What we learned from this fight (part 3/3)
While the president and Senate Democrats refused to negotiate under the duress of these must-pass bills that were crucial to the economy, Democrats were quite clear that they were more than willing to agree to benefit cuts. And part of the framework agreed to yesterday includes an explicit timeline for those negotiations, which are scheduled to conclude by December 13.
Sen. Chuck Schumer, the third most powerful Democrat in the Senate, let the cat out of the bag when he said the following on CBS's Face the Nation last Sunday:
"The dispute has been how to undo sequester. Republicans want to do it with entitlement cuts -- in other words, take entitlement cuts and then put that money into undoing at least part of sequester. Democrats want to do it with a mix of mandatory cuts, some entitlement [cuts], and revenues. And so how do you overcome that dilemma? We're not going to overcome it in the next day or two. But if we were to open up the government for a period of time that concluded before the sequester took place, which is January 15th, we could have a whole bunch of discussions. And I am more optimistic than most we could come to an agreement. That was one place where the House Republicans and the president were not, you know, at total loggerheads.[…]"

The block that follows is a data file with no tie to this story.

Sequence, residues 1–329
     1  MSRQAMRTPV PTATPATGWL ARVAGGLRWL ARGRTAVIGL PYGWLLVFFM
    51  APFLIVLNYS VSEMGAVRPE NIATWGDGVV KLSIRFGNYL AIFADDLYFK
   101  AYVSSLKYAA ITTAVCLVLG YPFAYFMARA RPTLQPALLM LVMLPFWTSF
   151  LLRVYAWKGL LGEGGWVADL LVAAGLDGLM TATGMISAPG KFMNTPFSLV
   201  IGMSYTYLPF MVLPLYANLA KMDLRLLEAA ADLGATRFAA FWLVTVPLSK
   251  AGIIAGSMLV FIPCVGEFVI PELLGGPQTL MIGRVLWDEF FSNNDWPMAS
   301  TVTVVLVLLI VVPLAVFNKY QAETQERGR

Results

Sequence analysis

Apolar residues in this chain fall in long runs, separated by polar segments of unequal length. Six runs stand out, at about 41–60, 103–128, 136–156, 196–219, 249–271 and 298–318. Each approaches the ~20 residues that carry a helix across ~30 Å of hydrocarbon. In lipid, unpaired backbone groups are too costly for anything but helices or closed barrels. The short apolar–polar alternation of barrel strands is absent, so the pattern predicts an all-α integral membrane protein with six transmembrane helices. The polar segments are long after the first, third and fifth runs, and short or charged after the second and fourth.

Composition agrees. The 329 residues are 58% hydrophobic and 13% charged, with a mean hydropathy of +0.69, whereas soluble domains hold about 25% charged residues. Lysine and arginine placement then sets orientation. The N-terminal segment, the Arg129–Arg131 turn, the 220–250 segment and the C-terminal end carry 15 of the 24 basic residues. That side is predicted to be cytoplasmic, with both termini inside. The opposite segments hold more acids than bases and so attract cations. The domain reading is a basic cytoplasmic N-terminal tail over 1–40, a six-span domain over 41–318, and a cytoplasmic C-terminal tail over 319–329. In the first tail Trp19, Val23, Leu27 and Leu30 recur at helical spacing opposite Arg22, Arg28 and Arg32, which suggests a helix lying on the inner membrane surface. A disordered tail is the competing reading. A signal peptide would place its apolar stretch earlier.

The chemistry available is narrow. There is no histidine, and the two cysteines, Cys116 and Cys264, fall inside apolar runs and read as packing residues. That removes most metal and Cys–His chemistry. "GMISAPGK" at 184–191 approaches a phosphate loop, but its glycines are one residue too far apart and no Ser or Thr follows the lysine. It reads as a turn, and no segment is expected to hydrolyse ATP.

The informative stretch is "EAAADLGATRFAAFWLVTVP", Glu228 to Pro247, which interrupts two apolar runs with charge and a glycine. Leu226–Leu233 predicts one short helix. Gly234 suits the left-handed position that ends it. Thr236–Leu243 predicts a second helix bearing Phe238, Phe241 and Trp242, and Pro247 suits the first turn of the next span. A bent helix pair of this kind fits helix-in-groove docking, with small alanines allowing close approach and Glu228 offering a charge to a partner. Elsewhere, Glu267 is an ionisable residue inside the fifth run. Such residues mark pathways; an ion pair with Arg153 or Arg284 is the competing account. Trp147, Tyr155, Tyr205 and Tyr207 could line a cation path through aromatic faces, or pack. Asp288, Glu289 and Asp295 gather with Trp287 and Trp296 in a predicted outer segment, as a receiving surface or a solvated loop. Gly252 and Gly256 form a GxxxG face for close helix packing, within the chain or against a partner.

So the plan would be open up the government immediately for a period of time before the sequester hits and then have serious discussions where we might be able to undo the sequester. I'm optimistic that could work. Sen. Schumer's optimism should be of concern to all of us who want to protect Medicare, Medicaid and Social Security benefits.
We already have seen the president propose benefit cuts for these vital social insurance programs in previous budgets.
While the Republicans have previously rejected the president's offers due to their zealous opposition to new taxes on the wealthy or large corporations and the president's insistence on new sources of revenue in any grand bargain, we can't count on the Republicans to continue refusing to take yes for an answer. So if we allow the Democrats to continue proposing the same bad deals they have offered in the past, we could end up seeing the Democrats win this battle only to lose the larger war.
Ultimately we need to be ready to hold Democrats accountable for standing strong in the major battles that are soon to come over Medicare, Medicaid and Social Security benefits.
Thank you for your activism.
Matt Lockshin, Campaign Manager
CREDO Action from Working Assets